Safari Tips and Safety Measures

Safety in the Wild

Obviously, there is a certain degree of danger when you are in the bush with wild animals. However, you will always be accompanied by an experienced guide. Accidents are infrequent and the camps have excellent safety records. Provided you use common sense you should be perfectly safe.

As your safari will bring you into relatively close proximity with wild animals, you will no doubt want to be sure that you are protected by insurance, should something unforeseen happens. Too many lodges and safari operators in southern Africa do not have enough liability insurance.

Personal Safety

• Don't venture out on your own in the game parks, wild animals are dangerous.
• Don't walk alone in any downtown or deserted city suburbs at night.
• Don't be shy to take advice from locals of what sort of behaviour should be avoided.
• Don't visit poor areas, unless in a group led by an experienced guide or reputable tour operator.
• Don't carry large sums of money or flashy jewellery in risk areas.
• Don't leave any valuables in rooms and in vehicles, use deposit boxes when available.
• If challenged by a mugger, don't resist, this helps avoids any serious bodily harm.
• Don't hitchhike
• Don't be an ostentatious tourist, ask your hosts about appropriate dress etiquette.
• Do make friends, there are special people here that help to make your visit more worthwhile.

Crawly Critters

Although the region has a fair share of spiders, scorpions and stinging insects, but surprisingly few safari goers suffer from serious attacks. The confines of camps and lodges are usually free of risk but people undertaking walking and mobile safaris should be rather more wary.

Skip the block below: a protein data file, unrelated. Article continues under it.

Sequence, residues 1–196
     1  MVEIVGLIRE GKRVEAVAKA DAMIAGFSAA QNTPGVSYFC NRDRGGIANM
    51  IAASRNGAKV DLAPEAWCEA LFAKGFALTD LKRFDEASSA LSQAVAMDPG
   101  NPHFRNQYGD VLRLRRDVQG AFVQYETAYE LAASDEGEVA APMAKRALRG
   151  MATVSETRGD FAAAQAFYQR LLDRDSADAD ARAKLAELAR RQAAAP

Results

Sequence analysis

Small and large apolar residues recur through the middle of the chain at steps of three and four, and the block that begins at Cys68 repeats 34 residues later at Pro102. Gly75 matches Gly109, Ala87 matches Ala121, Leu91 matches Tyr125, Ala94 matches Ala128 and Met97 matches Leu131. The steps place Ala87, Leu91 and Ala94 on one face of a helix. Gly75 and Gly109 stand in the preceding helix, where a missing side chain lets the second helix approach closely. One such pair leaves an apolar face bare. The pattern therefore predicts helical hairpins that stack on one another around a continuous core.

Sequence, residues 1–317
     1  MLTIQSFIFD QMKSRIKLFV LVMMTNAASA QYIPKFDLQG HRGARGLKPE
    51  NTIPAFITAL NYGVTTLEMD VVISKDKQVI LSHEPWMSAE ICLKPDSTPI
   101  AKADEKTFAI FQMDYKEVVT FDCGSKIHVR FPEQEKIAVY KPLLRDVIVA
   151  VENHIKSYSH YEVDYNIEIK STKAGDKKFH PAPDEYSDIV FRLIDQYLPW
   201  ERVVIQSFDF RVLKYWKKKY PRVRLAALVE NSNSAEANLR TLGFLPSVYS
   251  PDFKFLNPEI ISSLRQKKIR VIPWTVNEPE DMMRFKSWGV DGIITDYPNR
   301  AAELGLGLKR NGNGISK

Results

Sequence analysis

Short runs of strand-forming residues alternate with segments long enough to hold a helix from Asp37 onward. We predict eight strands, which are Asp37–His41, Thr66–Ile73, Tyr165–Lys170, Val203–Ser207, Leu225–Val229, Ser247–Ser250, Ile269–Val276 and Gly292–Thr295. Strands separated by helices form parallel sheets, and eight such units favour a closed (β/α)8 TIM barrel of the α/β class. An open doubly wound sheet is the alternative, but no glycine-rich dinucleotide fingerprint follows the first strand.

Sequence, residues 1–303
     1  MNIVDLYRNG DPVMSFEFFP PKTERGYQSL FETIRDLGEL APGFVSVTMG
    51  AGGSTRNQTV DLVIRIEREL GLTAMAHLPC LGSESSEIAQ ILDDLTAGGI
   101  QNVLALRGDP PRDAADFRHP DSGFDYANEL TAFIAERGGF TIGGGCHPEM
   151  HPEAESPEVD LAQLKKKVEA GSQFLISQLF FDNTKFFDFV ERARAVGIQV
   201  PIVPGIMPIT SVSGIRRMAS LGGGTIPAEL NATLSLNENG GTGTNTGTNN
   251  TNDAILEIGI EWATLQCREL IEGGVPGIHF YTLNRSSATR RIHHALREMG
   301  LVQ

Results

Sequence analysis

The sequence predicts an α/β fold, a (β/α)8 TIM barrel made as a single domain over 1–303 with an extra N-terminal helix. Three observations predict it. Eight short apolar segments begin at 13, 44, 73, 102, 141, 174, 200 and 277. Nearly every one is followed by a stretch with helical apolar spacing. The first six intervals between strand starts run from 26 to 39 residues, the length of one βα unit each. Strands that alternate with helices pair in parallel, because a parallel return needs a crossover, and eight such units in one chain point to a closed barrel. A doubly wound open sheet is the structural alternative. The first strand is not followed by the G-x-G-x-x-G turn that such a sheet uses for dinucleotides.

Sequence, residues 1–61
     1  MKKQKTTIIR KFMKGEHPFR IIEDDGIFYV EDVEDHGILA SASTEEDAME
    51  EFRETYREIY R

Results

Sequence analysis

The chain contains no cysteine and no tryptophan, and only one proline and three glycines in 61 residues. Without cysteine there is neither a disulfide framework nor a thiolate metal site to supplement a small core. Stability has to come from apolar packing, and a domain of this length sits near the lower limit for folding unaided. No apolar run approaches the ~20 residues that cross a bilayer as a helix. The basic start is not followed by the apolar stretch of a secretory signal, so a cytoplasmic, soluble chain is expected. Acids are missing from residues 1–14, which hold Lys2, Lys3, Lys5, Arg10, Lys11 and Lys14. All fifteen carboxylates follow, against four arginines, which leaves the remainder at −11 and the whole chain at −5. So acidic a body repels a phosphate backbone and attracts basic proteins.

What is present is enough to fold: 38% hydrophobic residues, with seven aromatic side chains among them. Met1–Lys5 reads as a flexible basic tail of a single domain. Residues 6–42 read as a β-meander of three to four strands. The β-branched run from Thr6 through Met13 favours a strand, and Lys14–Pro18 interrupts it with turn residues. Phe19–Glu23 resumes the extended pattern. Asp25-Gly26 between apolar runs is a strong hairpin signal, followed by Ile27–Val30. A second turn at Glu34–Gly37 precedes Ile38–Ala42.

Snakes

You will rarely see a snake, but if you do, it will most likely be from the safety of your safari vehicle. Tents and lodges all have bug screens fitted to windows. Of the 115 species of snake in southern Africa only a quarter are venomous. Snakes are usually shy creatures and only strike if suddenly disturbed or provoked.

Anti-snakebite serum is widely available in risk areas.

Spiders

There are around 5000 species of arachnid (spiders and scorpions) in the sub-region. Bites are invariably more painful than dangerous and are rarely fatal to man.

Insects

The fear of bugs and insects is generally much greater than the reality of what you will encounter. However, tolerances differ widely from individual to individual. The temperate climate and high elevation of Tanzania’s Northern Parks mean that insect concentrations are significantly less then other areas of Africa.

Mosquitoes are present but they are generally not active during the day. The African Mosquito is most active from dusk to dawn. Flies can be more of a nuisance, especially when you’re near the wildebeest migration. Flies are attracted to animals and the droppings of herd animals, so you don’t get one without the other.

Tsetse flies are worse than the average fly and they are mainly found in the woodlands, and their bite does hurt. There is no insect repellent that is effective against the tsetse fly. The best protection is to wear light colored long sleeves, pants and socks and to roll the windows up when you are driving through a tsetse fly infested area. Tsetse flies require the thick bush and woodlands to breed and survive. The open plains of the Southern and Eastern Serengeti as well as the Ngorongoro Crater and the southerly parts of the Central Serengeti are tsetse free. The highest concentrations of tsetse flies are found in Tarangire National Park and the Western Serengeti.

Tsetse flies do not spread diseases like mosquitoes. Most people have no adverse reactions but some individuals have an allergic reaction and the area around the bite mark swells and becomes itchy and irritated. Benadryl makes a product called the ‘Benadryl Itch Relief Stick’ which can relive the itch of bites and is highly recommended.

Ticks

All conditions that developed from tick bite are treatable. The most important advice for removing a tick is to never to brush it off, this will cause the head to remain embedded. Rather, find a way to suffocate it with ointment or a covering.